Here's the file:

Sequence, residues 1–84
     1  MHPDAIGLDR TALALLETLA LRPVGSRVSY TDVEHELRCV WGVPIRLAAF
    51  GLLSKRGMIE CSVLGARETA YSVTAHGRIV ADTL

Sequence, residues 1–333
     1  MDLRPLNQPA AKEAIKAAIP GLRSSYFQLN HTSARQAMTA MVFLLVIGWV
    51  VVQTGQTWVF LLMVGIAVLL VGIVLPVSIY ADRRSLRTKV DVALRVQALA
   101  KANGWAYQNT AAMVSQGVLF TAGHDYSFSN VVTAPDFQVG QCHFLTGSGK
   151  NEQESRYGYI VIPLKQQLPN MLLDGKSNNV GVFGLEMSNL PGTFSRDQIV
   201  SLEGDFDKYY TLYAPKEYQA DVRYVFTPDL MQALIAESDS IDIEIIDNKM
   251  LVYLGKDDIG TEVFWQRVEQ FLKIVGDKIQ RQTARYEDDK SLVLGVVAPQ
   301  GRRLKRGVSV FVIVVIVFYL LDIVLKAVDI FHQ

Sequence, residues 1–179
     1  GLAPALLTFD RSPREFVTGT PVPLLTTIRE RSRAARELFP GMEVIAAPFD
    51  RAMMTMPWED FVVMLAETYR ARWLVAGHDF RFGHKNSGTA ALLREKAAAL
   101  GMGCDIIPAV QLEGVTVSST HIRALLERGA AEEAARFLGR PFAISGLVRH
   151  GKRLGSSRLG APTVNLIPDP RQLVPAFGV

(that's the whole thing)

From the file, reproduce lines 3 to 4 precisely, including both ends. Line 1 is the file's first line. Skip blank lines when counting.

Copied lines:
    51  GLLSKRGMIE CSVLGARETA YSVTAHGRIV ADTL

Sequence, residues 1–333